Artist Rights

Why Are ‘BoJack Horseman’ Artists Being Asked To Take Their Art Offline?

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Click to enlarge.

Artists working at Shadowmachine on the Netflix series BoJack Horseman recently received a letter from show producer, Eric Blyler, asking them to remove their artwork from the Internet.

Here’s the letter in full:

Hey Folks,

Now that the profile of our show is rising, we need to get a lot more protective about what we show online. I know a lot of character designers have been posting their work online since season 1. Sadly, we need to bring an end to that practice. If you have samples of your artwork for the show posted on Tumblr, Instagram or any other website, you’ll need to pull it down. Same goes for any storyboard samples, background and prop art, animatics and any other original art created for the show. We’re going to start looking for organized efforts to publish work for special events, at which time we’ll ask for submissions from any of you who want to participate to be approved before posting.

I know you’re all really proud of the work you’ve done for BoJack Horseman, as you should be. You’ve all contributed so much brilliance to the show and want you to have a chance to share it. We’ll be looking for opportunities to do this in the future.

If you have any questions about this don’t hesitate to email, call or come see me.

Thanks!

Eric

This is an uncommon request in today’s animation industry; the BoJack staffer who sent it to us called it “overreach” that “makes my head spin.” Few TV animation studios take issue with artists posting their work online after a show has been released, and in fact, the practice is encouraged by many studios.

While Shadowmachine may have some sort of copyright over the artwork, fair use generally protects artists who want to display work samples online as long as it’s done for non-commercial purposes and the rights holders are properly identified.

But while the law technically protects artists in this situation, Shadowmachine still has leverage to discipline and discharge artists who disobey their request, a staffer at the Animation Guild, I.A.T.S.E. Local 839, told Cartoon Brew. The company could even take ex-employees to court, though it would be difficult to claim damages if the artwork is only being used as a work sample, the Guild staffer explained.

Shadowmachine’s letter raises an important question that affects artists throughout the industry: Should artists be allowed to exhibit their artwork online after a show or film has premiered? The Internet has become a vital tool for the professional careers of industry artists, and attempts to deny artists the right to share their work online could potentially affect artist’s future job opportunities. As just one example of how important the Internet has becoming to the hiring process, Harvey Beaks creator C.H. Greenblatt recently told Cartoon Brew that he found most of his show’s crew through Tumblr and other online sites.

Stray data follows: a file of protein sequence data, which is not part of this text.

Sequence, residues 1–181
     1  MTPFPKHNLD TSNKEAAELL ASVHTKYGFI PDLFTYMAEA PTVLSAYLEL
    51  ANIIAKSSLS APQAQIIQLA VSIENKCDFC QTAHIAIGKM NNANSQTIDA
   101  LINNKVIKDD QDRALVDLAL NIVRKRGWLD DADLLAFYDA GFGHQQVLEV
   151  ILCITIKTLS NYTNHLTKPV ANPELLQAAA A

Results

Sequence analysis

Shadowmachine owner Alexander Bulkley told Cartoon Brew that he completely understands the importance of the Internet in the hiring process because he uses it himself for that purpose. He emphasized that the intent of the letter isn’t to hurt their employees’ career opportunities. Rather, the studio wants to protect artists by not accidentally releasing anything “that could be damaging to the show…because we’re all on the same ship.”

Bulkley said that artists are free to use screengrabs from the already released Netflix episodes to promote their contributions to the series; however, the company is requesting that artists not post pre-production or production artwork like model sheets, storyboards, animatics, or background paintings without prior permission. Bulkley explained that those assets are technically unreleased and could unintentionally reveal something to audiences that wasn’t meant to be revealed.

This conversation might have been very different a decade ago when posting artwork from a show online, even after it had premiered, would have been considered a major breach of etiquette. But studios today have adapted to the Internet age, recognizing that many of their artists maintain social media presences and need to display their latest artwork to maintain an edge in the highly competitive animation industry. Many productions even operate crew blogs to share the kind of artwork that Shadowmachine is asking its crew not to post online; these shows include Clarence, Harvey Beaks, and Gravity Falls.

The situation on BoJack Horseman will hopefully find a satisfactory resolution, yet it won’t be the last time this issue crops up as studios continue to adjust to this new Internet age and learn how to balance their obligations to clients and networks while ensuring employees are happy and fulfilled.

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